Joe Grogan, one of the leaders in health policy for the Trump White House, is now a policy expert associated with USC and recently published an excellent blog on the need for Medicare coverage of breakthrough devices.
Below I provide a link to his September 2021 blog, as well as some background.
October 27, 2021, the USC Schaeffer Center for health policy hosted a webinar with Scott Gottlieb, former head of FDA, and Joe Grogan, who headed health policy for the Trump White House. The webinar mentioned a recent blog by Grogan on the Schaeffer Center website. It's worth reading. One headline therein: "CMS's Concerns Used as Justification for Rescinding the Rule are Unfounded."
> > > Find the Grogan blog, dated September 23, 2021, here.
The MCIT Rule
The MCIT rule is "Medicare Coverage for Innovative Technologies," and was finalized by the Trump administration in early January. It promised 4 years of coverage for any device approved by FDA as a "breakthrough device."
MCIT was put on hold by the Biden administration in March 2021, and proposed to be permanently canceled in September 2021. (See the cancellation rule here. See my blog on the cancellation announcement here. My short video on the cancellation here. My later blog, in October, on some of the submitted Public Comments, here.)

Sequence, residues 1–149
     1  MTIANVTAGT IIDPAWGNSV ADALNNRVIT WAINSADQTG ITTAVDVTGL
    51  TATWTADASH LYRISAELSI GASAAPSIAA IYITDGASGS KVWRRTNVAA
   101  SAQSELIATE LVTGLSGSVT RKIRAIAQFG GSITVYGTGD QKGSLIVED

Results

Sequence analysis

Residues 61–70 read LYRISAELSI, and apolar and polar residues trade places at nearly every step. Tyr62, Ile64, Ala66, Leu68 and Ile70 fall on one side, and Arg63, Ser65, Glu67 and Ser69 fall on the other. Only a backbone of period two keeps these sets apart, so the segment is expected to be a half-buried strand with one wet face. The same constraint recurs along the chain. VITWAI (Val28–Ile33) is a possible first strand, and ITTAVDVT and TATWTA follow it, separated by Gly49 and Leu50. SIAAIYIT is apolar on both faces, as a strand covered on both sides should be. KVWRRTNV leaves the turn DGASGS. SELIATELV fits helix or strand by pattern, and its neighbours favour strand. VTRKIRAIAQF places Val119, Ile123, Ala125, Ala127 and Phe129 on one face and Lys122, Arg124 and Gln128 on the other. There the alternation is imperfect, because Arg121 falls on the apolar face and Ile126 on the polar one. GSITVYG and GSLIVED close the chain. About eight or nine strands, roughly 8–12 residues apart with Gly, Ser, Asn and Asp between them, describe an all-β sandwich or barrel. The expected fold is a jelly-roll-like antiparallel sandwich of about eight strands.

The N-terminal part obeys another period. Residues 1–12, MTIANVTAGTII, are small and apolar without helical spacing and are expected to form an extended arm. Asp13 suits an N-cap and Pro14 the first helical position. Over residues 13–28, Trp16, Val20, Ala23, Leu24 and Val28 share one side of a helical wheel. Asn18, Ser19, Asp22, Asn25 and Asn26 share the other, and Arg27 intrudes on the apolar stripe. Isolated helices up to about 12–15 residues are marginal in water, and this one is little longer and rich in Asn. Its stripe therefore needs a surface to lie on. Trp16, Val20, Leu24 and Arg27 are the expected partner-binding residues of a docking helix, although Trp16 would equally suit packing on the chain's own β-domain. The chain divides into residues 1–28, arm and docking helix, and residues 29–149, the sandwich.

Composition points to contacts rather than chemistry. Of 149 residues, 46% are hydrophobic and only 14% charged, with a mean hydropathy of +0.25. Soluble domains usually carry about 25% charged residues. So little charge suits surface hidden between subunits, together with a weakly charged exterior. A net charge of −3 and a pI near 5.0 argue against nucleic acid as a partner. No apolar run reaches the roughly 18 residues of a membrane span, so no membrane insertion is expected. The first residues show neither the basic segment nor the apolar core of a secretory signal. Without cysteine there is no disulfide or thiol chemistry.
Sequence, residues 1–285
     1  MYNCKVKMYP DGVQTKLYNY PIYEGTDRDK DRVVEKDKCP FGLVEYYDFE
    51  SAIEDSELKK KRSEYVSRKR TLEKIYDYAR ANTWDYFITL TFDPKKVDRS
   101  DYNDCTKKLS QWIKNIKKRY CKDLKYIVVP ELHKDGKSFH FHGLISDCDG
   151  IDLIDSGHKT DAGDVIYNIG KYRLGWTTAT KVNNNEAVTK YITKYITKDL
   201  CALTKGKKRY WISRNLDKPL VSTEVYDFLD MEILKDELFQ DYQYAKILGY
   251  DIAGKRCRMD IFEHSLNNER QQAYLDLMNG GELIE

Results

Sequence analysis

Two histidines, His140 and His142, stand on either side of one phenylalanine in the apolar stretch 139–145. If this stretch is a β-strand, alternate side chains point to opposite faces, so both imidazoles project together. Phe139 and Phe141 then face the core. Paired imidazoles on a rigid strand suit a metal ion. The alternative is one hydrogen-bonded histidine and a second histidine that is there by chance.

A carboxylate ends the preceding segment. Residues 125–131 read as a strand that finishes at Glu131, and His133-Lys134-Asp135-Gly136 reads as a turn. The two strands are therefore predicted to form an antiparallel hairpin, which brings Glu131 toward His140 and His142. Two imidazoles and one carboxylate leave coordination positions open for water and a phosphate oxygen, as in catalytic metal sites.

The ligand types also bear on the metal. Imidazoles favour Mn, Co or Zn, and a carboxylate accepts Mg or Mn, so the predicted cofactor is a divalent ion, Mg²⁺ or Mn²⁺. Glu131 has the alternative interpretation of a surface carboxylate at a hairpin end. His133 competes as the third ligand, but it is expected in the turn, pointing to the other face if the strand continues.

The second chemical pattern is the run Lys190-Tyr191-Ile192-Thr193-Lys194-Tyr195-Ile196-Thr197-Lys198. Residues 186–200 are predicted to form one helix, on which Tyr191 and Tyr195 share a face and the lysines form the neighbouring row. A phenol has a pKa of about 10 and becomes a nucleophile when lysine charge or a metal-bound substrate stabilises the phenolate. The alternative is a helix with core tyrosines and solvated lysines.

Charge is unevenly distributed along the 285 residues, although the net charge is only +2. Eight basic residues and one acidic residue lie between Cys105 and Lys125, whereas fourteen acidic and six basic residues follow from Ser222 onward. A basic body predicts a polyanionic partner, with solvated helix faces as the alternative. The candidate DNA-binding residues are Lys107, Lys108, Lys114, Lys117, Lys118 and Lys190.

Broader Problems with Medical Device Coverage
In the USC webinar on October 27, Grogan also spent substantial time to describing the pain and duration of problems caused by our awkward and slow device coding, coverage, and pricing. Scott Gottlieb noted that the impetus for MCIT came from FDA leadership, which worked directly with Seema Verma as head of CMS. Verma, in turn, had to overcome opposition from staff under her in order to get the rule proposed and finalized during Year 4 of the Trump administration.
There's been legislation introduced in Congress that would reproduce what had been proposed as MCIT - here. Something like MCIT is also included in possible future legislation called 21st Century Cures 2.0.
See an auto-transcript of the MCIT remarks today, here.